As It Happens

Ontario is using a new law to retroactively dismiss lawsuits it lost: lawyer

A class action lawyer suing the Ontario government over alleged mistreatment of several vulnerable groups says a new law the province is using retroactively to try to shut down those cases is unprecedented and unfair.

Ford government asks courts to throw out 8 class actions under the new Crown Liability and Proceedings Act

Ontario Premier Doug Ford's government has passed a bill that would allow it to retroactively shut down lawsuits against it. (Evan Mitsui/CBC News)
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Transcript

A lawyer representing several groups who are accusing the Ontario government of mistreatment says the province is trying to shut down their lawsuits unfairly.

The Ontario government is asking the courts to throw out at least eight class actions against it. One involves an inmate named Adam Capay, who was held in solitary confinement for most of his 4 ½ years in custody.

Ontario Premier Doug Ford's government is arguing that under a new law called the Crown Liability and Proceedings Act, which came into law on July 1, the suits should be thrown out. And it is using the law retroactively.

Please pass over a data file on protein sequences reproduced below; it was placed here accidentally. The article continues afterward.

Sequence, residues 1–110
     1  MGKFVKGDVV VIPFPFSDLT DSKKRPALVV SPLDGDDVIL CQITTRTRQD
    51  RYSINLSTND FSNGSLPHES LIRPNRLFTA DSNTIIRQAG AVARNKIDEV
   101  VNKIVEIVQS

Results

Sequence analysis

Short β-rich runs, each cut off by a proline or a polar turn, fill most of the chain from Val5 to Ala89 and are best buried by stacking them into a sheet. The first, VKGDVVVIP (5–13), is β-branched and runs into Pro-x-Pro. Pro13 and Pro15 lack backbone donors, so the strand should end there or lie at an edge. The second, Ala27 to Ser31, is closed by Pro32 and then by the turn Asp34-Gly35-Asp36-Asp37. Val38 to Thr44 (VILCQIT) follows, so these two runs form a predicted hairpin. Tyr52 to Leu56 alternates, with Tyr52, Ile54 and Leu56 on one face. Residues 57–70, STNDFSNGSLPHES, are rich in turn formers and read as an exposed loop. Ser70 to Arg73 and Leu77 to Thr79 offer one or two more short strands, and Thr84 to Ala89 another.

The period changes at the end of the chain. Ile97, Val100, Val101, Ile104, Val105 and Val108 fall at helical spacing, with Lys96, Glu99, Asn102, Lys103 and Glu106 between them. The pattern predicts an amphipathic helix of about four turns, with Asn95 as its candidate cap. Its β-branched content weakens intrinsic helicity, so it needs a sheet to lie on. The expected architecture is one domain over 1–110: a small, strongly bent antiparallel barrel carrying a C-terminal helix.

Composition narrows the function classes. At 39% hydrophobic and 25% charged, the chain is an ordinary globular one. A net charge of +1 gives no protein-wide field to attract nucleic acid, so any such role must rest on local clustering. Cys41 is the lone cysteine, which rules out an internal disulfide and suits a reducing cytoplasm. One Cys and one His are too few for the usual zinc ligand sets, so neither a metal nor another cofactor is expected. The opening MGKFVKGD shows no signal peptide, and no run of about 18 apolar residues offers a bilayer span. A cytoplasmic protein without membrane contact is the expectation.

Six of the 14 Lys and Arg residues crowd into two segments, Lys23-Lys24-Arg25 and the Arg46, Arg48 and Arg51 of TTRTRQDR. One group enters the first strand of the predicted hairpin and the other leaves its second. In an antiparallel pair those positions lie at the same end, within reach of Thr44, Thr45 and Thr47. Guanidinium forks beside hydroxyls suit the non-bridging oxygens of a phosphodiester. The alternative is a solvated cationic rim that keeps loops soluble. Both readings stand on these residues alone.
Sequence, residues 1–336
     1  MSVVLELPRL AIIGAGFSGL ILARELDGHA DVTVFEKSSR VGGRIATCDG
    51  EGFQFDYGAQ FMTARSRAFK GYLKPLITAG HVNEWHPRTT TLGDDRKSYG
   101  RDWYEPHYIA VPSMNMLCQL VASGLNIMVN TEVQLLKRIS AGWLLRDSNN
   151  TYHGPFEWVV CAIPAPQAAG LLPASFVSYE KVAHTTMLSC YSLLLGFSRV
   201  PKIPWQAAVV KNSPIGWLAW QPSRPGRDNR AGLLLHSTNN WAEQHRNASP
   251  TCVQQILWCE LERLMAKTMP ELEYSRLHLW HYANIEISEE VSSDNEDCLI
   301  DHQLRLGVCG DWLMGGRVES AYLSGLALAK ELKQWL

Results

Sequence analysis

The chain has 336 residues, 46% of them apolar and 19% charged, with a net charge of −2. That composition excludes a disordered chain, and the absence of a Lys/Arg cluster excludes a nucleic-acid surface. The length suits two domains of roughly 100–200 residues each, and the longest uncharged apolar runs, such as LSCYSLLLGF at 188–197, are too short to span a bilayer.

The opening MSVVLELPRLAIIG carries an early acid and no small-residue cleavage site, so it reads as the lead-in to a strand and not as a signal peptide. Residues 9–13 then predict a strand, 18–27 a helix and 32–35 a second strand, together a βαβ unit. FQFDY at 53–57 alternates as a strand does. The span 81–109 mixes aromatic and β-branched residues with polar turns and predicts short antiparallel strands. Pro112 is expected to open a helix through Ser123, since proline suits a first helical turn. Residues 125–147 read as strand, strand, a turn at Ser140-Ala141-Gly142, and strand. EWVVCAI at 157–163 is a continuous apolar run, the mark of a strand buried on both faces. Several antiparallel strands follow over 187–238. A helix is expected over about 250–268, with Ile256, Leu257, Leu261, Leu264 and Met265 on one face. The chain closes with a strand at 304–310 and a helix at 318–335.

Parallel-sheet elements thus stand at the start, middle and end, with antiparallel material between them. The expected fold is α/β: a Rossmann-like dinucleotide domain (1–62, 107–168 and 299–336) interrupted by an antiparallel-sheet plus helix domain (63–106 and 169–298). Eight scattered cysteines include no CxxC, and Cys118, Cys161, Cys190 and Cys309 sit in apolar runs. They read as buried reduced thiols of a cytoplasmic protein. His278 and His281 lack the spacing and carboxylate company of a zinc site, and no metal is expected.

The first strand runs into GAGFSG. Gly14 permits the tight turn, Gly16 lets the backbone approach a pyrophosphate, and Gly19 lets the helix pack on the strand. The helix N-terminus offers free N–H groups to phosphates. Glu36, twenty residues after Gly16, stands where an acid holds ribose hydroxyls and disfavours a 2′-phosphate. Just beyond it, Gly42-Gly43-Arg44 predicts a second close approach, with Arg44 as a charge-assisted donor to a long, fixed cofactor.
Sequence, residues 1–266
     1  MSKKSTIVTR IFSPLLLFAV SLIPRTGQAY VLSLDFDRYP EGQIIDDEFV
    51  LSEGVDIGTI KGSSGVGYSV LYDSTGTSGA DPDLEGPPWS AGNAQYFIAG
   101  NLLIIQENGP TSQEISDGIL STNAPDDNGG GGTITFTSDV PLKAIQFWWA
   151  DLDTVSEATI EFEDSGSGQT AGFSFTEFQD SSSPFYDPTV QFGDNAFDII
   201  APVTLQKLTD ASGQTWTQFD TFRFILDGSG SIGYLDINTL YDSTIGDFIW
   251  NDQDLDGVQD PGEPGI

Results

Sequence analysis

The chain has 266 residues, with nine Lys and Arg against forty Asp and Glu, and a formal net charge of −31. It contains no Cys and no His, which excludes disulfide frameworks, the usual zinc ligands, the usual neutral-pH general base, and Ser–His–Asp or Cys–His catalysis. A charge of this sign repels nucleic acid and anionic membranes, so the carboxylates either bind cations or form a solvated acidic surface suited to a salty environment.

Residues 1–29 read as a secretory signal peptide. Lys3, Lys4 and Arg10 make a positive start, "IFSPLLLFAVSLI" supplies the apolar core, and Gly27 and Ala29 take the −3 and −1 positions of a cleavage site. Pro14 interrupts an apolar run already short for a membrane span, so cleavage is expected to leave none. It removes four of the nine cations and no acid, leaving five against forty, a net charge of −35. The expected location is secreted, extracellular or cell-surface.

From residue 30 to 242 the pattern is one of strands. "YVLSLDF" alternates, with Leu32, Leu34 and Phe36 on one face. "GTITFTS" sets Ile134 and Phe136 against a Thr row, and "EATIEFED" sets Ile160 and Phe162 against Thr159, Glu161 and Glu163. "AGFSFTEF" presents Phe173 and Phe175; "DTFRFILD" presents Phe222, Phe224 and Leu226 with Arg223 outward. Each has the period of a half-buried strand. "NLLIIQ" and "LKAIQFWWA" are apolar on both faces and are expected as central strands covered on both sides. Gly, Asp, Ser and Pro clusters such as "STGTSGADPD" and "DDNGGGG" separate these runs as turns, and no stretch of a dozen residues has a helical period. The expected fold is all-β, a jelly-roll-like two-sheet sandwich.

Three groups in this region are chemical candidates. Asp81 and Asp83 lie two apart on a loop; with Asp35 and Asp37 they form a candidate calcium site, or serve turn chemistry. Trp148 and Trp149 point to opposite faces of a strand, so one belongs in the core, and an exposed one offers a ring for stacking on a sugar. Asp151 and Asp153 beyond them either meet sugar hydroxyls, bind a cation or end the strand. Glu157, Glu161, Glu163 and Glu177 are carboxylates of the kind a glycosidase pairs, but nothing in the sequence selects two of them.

Kirk Baert's firm Koskie Minsky is behind eight certified class actions the government is fighting under the new law. He spoke to As It Happens host Carol Off about the new law. Here is part of their conversation.

How unusual is the argument the Ontario government is making to try and shut down these lawsuits?

It's the first time we know of in Canada that either a province or the federal government has passed a law of this type to retroactively dismiss cases that have already been brought in the courts.

There's just no way this is consistent with our system of justice or the rule of law to retroactively dismiss cases that the government already lost.- Kirk Baert, lawyer

The province says the purpose of this law is to stop people from suing over government policy or spending decisions. Is that not a valid concern?

It certainly is, and that would be a valid reason to have such a law. Although there's never been one before now.

But this law is much, much wider than that in that it reaches mistakes made by government on the ground at the operational level, not just policy decisions about budgets.

But their argument is that it just simply clarifies existing law. The Crown Liability and Proceedings Act is just a clarification of existing law.

I know that's what they say in their press release. But the words of the statute — which are what count, not the press release — are much wider.